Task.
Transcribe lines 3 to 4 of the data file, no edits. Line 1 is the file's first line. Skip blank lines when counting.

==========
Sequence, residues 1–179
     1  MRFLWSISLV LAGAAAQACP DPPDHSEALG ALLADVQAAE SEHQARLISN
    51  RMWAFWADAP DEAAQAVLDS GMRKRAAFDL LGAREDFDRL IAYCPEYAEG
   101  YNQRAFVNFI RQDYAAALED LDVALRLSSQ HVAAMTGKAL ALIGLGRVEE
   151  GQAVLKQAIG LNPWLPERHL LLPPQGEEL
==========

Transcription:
    51  RMWAFWADAP DEAAQAVLDS GMRKRAAFDL LGAREDFDRL IAYCPEYAEG
   101  YNQRAFVNFI RQDYAAALED LDVALRLSSQ HVAAMTGKAL ALIGLGRVEE